Central Park: The Grand Vision
ORNAMENTAL BRIDGES AND ARCHWAYS
Pine Bank Arch
Bank Rock Bridge
Green Gap Arch
The Terrace Bridge
Southeast Reservoir Bridge
Reservoir Bridge Southwest
SMALL RUSTIC BRIDGES
Spur Rock Arch Marble Arch Outset Arch
Balcony Bridge has a 12-foot-wide, 65-foot-long walk on its east side. Two bays are corbeled out, forming small balconies with stone benches. With Olmsted and Vaux's plans for a special "winter drive" along this portion of the West Drive, considerable effort went into making this splendid vantage point to view the scenery either while driving, riding, or walking. The bridge provides the most scenic of all views over the Lake toward the Central Park South and Fifth Avenue skylines.
Looking southeast the beholder sees a sheet of water, then clustered trees and, above, the uptown towers of Manhattan. The towers may not have been on Olmsted's and Vaux's agenda but they add quiet drama to the scene. The stately bridge is also located not far from one of New York's great museums, the American Museum of Natural History, somewhat north of the latitude of the Naturalist's Gate.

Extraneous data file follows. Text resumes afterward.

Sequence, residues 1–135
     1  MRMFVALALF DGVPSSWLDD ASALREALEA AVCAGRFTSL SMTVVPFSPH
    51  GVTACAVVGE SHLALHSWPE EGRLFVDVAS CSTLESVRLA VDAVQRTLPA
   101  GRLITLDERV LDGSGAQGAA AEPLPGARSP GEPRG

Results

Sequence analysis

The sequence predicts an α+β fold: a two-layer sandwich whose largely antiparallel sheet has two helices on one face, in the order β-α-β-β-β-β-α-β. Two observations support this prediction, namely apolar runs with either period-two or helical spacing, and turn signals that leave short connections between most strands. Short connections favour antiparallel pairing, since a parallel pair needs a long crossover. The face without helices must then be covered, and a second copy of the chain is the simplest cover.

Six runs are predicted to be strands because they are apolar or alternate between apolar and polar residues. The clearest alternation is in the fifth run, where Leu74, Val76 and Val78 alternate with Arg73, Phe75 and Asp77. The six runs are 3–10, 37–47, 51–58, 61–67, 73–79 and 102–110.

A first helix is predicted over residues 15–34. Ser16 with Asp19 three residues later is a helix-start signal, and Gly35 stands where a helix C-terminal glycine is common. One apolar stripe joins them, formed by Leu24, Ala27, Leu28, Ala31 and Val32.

Eighteen drawings of the Balcony Bridge survive in the Municipal Archives. One sheet, marked as a stonecutter's working drawing, shows the individual blocks of stone drawn to shape with specific dimensions. Calvert Vaux designed the bridge while William H. Grant, supervising engineer, reviewed it for structural values.
Supporting the West Drive, this structure spans a narrow strait between the Lake and what was the Ladies Pond, the western arm of the Lake close to Central Park West. Reserved exclusively for ladies iceskating in the 1870s, it was filled in during the 1930s.
The bridge's arch is constructed of Manhattan schist excavated in the park, and mountain greywacke, a light-bluish sandstone set in random ashlar. The elevation shows an elliptical arch outline with a sandstone molding and coping. This arch measures 27 feet across and 11 feet 6 inches high, a little more than enough to allow passage underneath while standing up in a rowboat. The underpass is 65 feet long. There are no balconies on the bridge's west side, a rare example of a bridge with different sides, the only other in the park being Trefoil Arch.
Parts of the sandstone railing with open quatrefoil pattern have been replaced by indifferent cast stone rather than cut stone. Viewed from the Ramble, the light-colored stone Balcony Bridge stands out from the lakeshore and is often dramatically reflected in the surface of the water. Its elliptical arch is further emphasized by the jutting prominence of the balcony supports. Clarence Cook in Description of the New York Central Park (1869) believed this to be one of the handsomest bridges.